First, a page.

READ MY TIPS
There is just nothing like being a college coach. In this case, a part-time assignment but nevertheless, an experience that I will never forget. In my everyday life as a club pro, it is illegal to talk to my players when they compete in match-play. Whether it is a USTA/CTA match, coaches are prohibited to talk to their students. No complaints. However, NCAA Division I tennis allows coaches to “do their thing” during match-play as long as it does not affect the flow of the game.
In my past, I was lucky enough to be a college coach at the University of New Mexico (I had the privilege of coaching star player and friend, Dr. David Geatz) and Webber College in Lake Wales, Florida, but this occurred in another lifetime since I have been directing different club programs for the past three decades. On this special occasion, good friend and brand new Head Tennis Coach at the University of Pennsylvania, Dr. David Geatz, invited me to join him at FGCU (Estero) as his assistant coach against the Eagles. Clearly, this was an offer I could not turn down because it would be such a rich experience.
Trust me, when my staff and I watch our members play league tennis, we would love to assist them and give them pointers as they play competitive matches against the top clubs in southwest Florida. But, as I alluded to earlier, it is not permitted. Knowing well that I was to encounter a group of strangers, I knew that I had to make a good first impression or I may lose them at the beginning of the match.
As expected, Coach Geatz wanted me to give the kids a pep talk before the guys hit the court. “Hey, we all know that to get into Penn one must have high SAT or ACT test scores and that may not be true with your opponents today, so let’s go and beat these guys,” I half-way kidded the team. “Coach Browne just said that you are the smarter team, so hit the courts and prove it, “Coach Geatz added. All kidding aside, the UPenn tennis team was about to play their fifth match in seven days and they were tired.
As coaches, we needed to inject as much energy as possible so the guys would play with purpose and enthusiasm and not think about fatigue. The college tennis format is rather unique; three doubles matches are played simultaneously and the team to win two of the three matches gains one point. UPenn started out with a bang winning positions one and team, thus leading 1-0. As we prepared for six singles matches against a tough pesky FGCU team, everyone was inspired to finish the trip with a win and possible momentum for the coming Ivy League matches.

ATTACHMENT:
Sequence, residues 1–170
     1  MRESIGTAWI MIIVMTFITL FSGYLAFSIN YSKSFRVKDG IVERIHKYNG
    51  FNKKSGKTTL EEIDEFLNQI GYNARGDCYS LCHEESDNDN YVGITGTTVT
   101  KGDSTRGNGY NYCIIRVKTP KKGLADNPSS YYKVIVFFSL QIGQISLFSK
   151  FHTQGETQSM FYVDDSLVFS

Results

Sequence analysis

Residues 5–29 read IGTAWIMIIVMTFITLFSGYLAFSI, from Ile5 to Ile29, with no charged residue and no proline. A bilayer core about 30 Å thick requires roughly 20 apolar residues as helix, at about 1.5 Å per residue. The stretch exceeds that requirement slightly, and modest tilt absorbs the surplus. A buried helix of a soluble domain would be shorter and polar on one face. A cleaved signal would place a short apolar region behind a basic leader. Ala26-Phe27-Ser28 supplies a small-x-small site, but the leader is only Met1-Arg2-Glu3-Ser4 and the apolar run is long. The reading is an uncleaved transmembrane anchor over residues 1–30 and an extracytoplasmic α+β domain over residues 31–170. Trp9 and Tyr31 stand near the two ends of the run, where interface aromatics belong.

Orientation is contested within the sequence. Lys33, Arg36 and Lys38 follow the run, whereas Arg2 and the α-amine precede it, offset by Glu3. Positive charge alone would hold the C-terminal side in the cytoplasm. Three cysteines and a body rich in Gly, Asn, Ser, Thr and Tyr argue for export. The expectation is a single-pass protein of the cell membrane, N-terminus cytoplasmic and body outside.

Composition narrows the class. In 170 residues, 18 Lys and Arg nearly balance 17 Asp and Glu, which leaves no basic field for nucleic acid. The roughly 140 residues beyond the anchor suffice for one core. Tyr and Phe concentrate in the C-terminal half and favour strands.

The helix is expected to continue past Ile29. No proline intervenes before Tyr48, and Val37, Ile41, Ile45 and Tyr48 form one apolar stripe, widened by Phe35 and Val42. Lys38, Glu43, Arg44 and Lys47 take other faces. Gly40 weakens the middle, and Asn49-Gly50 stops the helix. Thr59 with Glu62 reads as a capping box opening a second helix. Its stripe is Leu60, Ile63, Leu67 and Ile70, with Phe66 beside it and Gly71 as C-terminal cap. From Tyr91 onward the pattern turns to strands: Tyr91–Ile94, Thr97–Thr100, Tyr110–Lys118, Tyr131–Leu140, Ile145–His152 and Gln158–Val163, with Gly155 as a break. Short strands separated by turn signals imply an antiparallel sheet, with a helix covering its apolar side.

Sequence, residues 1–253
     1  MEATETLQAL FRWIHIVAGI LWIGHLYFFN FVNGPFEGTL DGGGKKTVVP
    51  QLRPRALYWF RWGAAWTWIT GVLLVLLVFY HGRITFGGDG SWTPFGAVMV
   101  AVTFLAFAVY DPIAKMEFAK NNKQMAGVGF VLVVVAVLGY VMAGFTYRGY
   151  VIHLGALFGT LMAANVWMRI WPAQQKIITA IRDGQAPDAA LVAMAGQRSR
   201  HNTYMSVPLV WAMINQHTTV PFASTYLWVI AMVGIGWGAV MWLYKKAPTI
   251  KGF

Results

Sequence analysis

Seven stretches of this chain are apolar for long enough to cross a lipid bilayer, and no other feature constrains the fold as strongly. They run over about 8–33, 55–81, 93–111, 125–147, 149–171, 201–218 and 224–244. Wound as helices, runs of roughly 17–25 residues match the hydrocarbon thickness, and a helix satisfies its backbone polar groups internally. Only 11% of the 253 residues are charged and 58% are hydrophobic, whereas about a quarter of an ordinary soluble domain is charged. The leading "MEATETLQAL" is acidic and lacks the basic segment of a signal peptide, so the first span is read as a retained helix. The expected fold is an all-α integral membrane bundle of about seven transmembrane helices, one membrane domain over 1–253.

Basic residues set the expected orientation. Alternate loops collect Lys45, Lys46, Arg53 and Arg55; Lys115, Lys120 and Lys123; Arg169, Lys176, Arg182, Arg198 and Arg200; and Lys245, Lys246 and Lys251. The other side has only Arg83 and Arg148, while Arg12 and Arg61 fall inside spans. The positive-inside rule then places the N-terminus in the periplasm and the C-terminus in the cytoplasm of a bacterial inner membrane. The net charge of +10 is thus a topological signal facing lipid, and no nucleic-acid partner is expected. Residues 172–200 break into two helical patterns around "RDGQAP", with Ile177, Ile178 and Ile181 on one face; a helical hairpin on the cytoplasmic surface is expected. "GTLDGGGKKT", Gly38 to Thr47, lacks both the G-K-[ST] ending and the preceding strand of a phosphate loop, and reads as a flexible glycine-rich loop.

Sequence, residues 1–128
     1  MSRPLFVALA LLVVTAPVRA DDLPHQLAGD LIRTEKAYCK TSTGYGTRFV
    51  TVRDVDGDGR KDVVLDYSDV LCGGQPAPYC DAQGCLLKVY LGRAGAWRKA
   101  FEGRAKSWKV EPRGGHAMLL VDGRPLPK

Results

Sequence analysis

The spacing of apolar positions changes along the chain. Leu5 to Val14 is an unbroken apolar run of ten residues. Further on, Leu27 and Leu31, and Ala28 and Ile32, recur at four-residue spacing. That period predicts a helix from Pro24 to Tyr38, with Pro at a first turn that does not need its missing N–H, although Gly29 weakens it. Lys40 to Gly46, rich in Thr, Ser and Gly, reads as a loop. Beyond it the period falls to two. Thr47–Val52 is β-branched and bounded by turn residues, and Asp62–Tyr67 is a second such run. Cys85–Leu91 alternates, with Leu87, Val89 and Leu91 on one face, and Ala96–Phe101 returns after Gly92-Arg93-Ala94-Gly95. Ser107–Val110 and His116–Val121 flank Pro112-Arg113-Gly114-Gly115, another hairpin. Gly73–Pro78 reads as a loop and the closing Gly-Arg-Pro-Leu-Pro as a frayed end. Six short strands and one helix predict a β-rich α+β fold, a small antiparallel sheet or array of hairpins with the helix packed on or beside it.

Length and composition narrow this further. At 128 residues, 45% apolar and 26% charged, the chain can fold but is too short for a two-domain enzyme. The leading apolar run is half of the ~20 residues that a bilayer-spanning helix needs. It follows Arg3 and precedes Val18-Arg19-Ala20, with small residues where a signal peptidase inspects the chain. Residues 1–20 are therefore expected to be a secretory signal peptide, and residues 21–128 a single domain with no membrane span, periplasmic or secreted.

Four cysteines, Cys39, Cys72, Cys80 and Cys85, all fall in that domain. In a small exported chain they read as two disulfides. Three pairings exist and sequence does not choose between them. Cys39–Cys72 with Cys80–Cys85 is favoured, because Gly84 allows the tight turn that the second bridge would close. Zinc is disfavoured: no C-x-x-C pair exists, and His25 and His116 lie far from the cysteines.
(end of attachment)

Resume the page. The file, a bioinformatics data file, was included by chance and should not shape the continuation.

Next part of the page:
Strangely enough, I was coaching the number one and four players and I knew the top-dog at FGCU player since he and Matt Browne faced off two years earlier in Clearwater, Florida. I was familiar with his game and the strategy needed to beat him. With a nice FGCU crowd and the players from each team charged up, the atmosphere was electric. Different players from both squads were cheering on their fellow teammates and all six courts were jumping with enthusiasm.
Even though I did not know the UPenn kids, I really wanted to guide them to victory. “Ivan, watch the wide serve in the deuce court, you have to cut it off or don’t force action on break point as he must come up with the goods, not you, “I exclaimed. Without a doubt, it is a “rush” to be able to coach, point to point, if necessary, to offer keen insights as the guys are playing their matches.
As UPenn’s Jeremy Court was up, 7-6, 5-4, I huddled up with him to give him some needed advice, since he failed to hold serve earlier to close out his opponent. “When you want it, the inside-in pattern is yours for the taking…when you hit it, he won’t be ready but with his speed he may track it down but it will be a weak shot, so follow it in. I promise you that it will be an easy put-away volley and you will spike it for a big winner,” I offered with confidence.
Talk about waiting for the big opportunity. It was 40-30, or match point, when he served and waited for a good return and then hit his usual inside-out crosscourt drive and it was returned well by the FGCU player and then, “boooooom”, Jeremy rips the inside-in “ripper”, followed it in and had the easiest floater sit up for him to crack the winning volley! “Coach, great call, wow, I won the match,” Jeremy said with a huge smile.
Even though the matches were all closely contested, UPenn won 5-2 to seal the victory and enjoy a much better plane ride home to Philadelphia. As I reviewed my amazing day, I felt so happy that I coach tennis for a living. The only way my job could get better is if we could help our members during their big matches because it is fun to assist players during intense competition.